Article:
Food, Taste, and the Body (May 1-3; Proposal due October 1st)

full name / name of organization: 
Midwest Victorian Studies Association
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Food, Taste, and the Body
Seminar Leader: Chris Otter, Department of History, The Ohio State University

Midwest Victorian Studies Association
University of Iowa
May 1-3, 2015
Deadline October 1st, 2014

During the nineteenth century, the British diet underwent significant transformation. Consumption of meat, sugar, white bread and dairy products rose significantly, while the production of British food became an increasingly global enterprise. The British diet itself also became much more geographically homogeneous (witness the slow decline of the oatmeal-rich Scottish diet, for example) while remaining socially-differentiated. These transformations involved recalibrations of taste, as food became sweeter, more processed and richer in animal protein. They also catalyzed a series of dietary woes, including dyspepsia, stomach ulcers, constipation and weight gain, while anorexia nervosa emerged in its modern form during the period.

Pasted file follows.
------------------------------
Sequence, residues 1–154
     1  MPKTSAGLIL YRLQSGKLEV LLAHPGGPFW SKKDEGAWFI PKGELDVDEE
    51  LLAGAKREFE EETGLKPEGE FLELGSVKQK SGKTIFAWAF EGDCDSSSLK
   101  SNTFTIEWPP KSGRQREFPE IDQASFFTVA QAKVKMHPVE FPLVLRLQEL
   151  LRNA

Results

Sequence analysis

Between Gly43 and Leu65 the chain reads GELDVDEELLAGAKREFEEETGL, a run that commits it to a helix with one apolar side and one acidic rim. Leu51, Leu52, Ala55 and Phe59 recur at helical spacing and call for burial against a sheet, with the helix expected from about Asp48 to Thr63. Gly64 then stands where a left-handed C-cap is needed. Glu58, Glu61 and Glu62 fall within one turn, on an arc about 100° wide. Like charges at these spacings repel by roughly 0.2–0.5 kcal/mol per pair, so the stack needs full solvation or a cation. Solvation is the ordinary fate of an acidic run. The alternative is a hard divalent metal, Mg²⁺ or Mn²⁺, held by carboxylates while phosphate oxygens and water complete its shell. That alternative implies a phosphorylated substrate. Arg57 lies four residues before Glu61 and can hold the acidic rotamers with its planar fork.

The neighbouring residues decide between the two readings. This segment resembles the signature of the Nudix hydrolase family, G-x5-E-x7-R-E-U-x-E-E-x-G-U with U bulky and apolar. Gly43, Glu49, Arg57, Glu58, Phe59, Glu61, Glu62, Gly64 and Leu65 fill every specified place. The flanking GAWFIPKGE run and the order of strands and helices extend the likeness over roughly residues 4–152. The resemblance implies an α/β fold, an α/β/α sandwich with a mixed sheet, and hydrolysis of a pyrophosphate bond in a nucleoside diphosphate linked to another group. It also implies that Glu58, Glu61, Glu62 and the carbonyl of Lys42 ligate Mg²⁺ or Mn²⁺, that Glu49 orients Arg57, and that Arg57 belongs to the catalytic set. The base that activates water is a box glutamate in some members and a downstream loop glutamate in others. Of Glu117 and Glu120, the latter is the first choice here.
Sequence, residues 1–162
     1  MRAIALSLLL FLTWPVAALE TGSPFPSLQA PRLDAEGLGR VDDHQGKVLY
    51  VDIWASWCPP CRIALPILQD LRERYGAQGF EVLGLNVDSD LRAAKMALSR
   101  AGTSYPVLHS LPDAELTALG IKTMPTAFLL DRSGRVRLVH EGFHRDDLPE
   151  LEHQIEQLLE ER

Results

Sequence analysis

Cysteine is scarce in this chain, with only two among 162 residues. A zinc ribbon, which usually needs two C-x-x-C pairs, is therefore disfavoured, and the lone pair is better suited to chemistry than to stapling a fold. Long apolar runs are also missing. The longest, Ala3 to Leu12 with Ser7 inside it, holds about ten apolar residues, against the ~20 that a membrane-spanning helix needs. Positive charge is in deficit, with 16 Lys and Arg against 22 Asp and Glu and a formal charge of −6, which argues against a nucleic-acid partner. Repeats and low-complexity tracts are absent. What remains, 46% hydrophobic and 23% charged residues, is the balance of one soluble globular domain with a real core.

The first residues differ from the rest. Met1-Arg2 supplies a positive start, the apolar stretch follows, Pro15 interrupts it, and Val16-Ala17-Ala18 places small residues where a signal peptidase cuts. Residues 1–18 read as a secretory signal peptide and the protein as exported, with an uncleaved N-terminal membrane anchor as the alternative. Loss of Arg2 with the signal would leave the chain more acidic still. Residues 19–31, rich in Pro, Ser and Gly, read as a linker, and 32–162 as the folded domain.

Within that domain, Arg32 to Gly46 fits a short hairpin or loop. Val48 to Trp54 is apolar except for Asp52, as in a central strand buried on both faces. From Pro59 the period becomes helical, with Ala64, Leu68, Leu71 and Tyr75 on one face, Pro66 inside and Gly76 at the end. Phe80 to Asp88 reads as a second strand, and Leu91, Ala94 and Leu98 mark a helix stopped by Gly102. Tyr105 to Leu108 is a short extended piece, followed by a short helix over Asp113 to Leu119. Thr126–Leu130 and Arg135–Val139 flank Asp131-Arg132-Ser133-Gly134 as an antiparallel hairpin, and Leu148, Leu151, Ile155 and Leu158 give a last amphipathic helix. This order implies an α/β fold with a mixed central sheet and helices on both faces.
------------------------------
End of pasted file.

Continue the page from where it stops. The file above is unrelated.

This seminar invites scholars interested in any aspect of the history of food, taste, and the body in Victorian Britain. Possible topics include, but are not limited to: Victorian dietary trends, crazes and fads (e.g. vegetarianism or carbophobic diets); the relationship between empire and diet; Victorian food aversions; the history of the British "sweet tooth"; the deepening nineteenth-century aversion to brown bread; class, diet and taste; gender and food habits; regional diets (their persistence or obliteration); the presentation of food; food and disgust; the Victorian stomach and bowels; the potential blindness of the Victorians to the global nature of the food they consumed; and food in Victorian fiction, poetry, and visual art.

Participants in MVSA seminars will write 5-7 page papers that will be pre-circulated to the other participants prior to the conference. During the seminars, the seminar leader and participants will identify important points of intersection and divergence among the papers and identify future areas of inquiry and collaboration. The seminar format allows a larger number of scholars to participate in MVSA and to seek financial support from their respective institutions to attend the conference and discuss a shared area of scholarly interest. Seminars are limited to 12 participants.

Seminar proposals that are not accepted may be submitted to the general pool of MVSA conference submissions, due October 31

Send a 300-word abstract and 1-page vita (both as MWord documents) by October 1, 2014, to Chris Otter at